Commentary

This commentary originally aired on February 23, 2017.  

Nintendo has been the leader in portable video gaming ever since they basically invented the market segment with the Game Boy in 1989. That doesn’t mean they’ve been the only player, though. 

Maybe I’m weird. But it seems to me there is an awful lot of dystopian entertainment out there these days. Everybody who makes movies that deal with the future seems to think we ain’t seen nothing yet.

Either apes or robots or aliens or cruel gargantuan corporations or, I don’t know, maybe vegans are going to take over. Even the weather’s going to be horrible. Corruption and oppression will reign supreme. Disneyland’s “Carousel of Progress” theme song, “There’s a Great Big Beautiful Tomorrow” is going to be replaced by something like “Life Sucks and Then You Die.”

Special Counsel Robert Mueller’s investigation of Russian involvement in the 2016 presidential election is likely to continue for some time.

If there’s one thing I’ve come around to over the years, it’s the non-gender-specific pronoun.

Long before Donald Trump made profane comments about restricting the number of immigrants from certain countries to the U.S., the history of American immigration policy possessed explicit racial characteristics.

Not quite a memoir, not quite a collection of essays, Maggie O’Farrell’s I Am, I Am, I Am is a group of personal narratives recounting the times when her life edged dangerously close to death. The subtitle, “Seventeen Brushes with Death,” is powerful in itself, but even more so when you read what she experienced.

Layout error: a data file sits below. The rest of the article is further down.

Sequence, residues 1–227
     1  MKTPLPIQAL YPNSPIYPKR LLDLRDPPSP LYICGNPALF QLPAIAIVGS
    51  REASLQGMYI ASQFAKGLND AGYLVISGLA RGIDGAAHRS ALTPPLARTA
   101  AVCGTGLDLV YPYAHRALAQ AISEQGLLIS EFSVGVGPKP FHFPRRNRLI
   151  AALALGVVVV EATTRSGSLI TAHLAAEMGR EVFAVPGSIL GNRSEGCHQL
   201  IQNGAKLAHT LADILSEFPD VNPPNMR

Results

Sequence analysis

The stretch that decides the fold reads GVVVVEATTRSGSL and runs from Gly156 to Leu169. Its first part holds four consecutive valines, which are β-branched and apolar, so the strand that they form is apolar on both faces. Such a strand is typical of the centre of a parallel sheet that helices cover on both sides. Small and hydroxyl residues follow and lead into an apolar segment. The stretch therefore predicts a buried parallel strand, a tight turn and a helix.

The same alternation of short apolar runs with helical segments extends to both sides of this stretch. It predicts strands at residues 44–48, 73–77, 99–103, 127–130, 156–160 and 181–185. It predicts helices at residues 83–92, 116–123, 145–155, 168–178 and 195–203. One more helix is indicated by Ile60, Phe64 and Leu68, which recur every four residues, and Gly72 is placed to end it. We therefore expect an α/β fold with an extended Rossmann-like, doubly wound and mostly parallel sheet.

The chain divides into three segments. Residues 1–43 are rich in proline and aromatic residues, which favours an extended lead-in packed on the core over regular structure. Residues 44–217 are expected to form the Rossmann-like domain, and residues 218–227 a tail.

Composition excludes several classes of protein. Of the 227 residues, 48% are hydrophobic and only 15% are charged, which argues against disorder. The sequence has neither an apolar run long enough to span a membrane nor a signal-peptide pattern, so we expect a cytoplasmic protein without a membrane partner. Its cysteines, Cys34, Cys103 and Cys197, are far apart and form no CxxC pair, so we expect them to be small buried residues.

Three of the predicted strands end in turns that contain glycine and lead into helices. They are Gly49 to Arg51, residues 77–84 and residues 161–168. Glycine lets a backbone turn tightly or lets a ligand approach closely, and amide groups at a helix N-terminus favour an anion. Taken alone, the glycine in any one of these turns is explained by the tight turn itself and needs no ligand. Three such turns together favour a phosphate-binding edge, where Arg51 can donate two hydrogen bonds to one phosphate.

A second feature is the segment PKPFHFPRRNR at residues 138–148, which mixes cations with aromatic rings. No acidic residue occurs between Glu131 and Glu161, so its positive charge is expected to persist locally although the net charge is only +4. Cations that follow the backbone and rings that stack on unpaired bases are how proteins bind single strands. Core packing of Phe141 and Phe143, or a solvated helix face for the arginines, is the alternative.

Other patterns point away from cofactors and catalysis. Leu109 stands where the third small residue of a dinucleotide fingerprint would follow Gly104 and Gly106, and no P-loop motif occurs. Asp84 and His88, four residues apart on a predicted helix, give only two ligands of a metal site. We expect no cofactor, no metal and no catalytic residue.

Marginalia: Jojo Moyes

Feb 2, 2018

When Jojo Moyes wrote Me Before You in 2012, she wasn’t expecting to write a follow-up. But the unlikely heroine of that book, Louisa Clark, just wouldn’t leave her. So Moyes penned After You, which was published in 2015. Louisa Clark kept speaking to her, so Moyes wrote Still Me, which hit the shelves this week.

Jojo Moyes is on tour this week, but I caught up with her via phone to talk about the unplanned series, her research, and what she’s working on next. Here’s our conversation:

And here's the shorter commentary from on-air:

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Weston Townsley

Weston Townsley plays drums with Not Cops and The Somber Arrows. He is also a photographer and sous chef at Siena Tuscan Steakhouse.

The director Ernst Lubitsch said, “Any good movie is filled with secrets. If a director doesn’t leave anything unsaid, it’s a lousy movie.” It’s a good bet, then, that Lubitsch would have loved Paul Thomas Anderson’s new film, Phantom Thread, where what’s left unsaid is weaponized and turned into the artillery of a smoldering power struggle.

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